Heat pumps are a modern way to heat homes and businesses.
Each year as winter sets in, temperatures drop across many parts of the country. For moderate climates, a heat pump may be the best choice.
Heat pumps are designed to run continuously. Many people believe that turning the thermostat down when they are not home will save money. The truth is this leaving your heat pump alone at a constant setting during cold weather will save money in the end.
Heat pumps are efficient in keeping homes and businesses warm in the winter.
Those who have upgraded to heat pumps from older heating units know they can save much more money by running them.
Here we will discuss why heat pumps should be set and left alone for the most part and dig into other truths about these units.
Why Your Heat Pump Should Run Constantly in Cold Weather
There are a couple of reasons why turning the unit off or adjusting your thermostat down are bad for your pocketbook.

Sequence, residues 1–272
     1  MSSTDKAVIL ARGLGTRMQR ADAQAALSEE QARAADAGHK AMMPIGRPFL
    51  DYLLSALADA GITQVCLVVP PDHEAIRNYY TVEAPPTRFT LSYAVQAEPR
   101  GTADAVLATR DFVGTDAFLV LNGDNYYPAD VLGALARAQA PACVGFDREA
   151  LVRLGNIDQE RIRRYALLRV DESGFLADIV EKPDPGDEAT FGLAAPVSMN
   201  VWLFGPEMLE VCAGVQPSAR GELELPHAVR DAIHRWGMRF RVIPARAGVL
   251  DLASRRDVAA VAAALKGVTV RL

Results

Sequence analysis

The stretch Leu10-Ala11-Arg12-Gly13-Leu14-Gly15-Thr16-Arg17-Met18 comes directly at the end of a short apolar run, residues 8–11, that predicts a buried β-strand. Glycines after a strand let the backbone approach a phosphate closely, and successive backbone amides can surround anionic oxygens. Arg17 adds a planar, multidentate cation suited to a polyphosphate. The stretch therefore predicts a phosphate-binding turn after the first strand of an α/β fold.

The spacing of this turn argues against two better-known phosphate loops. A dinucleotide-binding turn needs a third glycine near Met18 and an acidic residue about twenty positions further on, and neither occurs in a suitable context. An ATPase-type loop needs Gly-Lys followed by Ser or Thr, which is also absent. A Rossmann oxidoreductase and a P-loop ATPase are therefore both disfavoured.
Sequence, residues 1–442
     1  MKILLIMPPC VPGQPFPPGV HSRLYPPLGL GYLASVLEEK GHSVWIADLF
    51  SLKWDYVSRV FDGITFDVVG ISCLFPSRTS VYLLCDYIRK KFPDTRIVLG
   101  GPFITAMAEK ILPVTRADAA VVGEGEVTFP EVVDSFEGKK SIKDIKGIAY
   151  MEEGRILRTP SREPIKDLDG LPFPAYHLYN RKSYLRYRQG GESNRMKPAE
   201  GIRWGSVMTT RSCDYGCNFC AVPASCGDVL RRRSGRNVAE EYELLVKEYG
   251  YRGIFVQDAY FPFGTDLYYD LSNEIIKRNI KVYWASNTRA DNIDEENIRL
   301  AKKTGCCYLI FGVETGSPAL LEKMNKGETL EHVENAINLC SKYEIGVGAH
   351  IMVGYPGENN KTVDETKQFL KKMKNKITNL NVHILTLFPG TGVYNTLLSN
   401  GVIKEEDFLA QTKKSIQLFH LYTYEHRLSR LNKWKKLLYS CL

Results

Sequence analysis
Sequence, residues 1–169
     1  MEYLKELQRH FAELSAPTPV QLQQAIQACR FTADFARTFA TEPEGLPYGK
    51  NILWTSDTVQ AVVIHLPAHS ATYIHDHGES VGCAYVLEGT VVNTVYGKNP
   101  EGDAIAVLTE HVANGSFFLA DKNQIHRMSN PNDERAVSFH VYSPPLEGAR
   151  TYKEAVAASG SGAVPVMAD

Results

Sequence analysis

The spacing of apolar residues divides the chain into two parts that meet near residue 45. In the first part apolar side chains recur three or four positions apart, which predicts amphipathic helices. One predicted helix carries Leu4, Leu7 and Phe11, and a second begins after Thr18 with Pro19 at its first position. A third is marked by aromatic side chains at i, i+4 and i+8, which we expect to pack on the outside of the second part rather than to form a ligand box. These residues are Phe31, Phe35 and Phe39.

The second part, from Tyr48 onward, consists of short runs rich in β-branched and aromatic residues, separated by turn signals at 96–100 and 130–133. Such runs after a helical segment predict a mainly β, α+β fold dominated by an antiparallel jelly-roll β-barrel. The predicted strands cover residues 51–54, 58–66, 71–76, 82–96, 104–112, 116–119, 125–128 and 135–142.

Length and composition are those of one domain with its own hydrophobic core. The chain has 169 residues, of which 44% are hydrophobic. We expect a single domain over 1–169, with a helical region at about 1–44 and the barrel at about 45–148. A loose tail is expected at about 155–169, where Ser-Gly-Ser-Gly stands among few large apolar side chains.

- By turning your thermostat down or the unit off in cold weather when you leave the house will allow the temperature to drop inside dramatically.
- When you return home and raise the thermostat, your unit will have to make up the heat loss from the day.
- When heat pumps must make up for heat loss, they use a backup electric strip that heats to help raise the temperature. When this strip is activated, the cost of the unit to operate will go up.
By leaving your unit at a constant temperature on the thermostat and automatic, the heat pump will continue to keep your house within the temperature range needed.
The best part is that since the unit does not have to make up for extreme heat loss, the costly backup system will not come on.
Even if this allows your heat pump to run continuously, it will be cheaper than trying and catching up after it is off.
For areas where extreme cold is found, the heat pump may not be the best choice.
When temperatures drop below 40F can also cause the electric strip to turn on. This is why moderate climates are considered the most cost-efficient areas to run them.
The Mechanics of the Heat Pump
Your heat pump works by taking refrigerant gas and compressing it. When this gas is compressed, it heats up.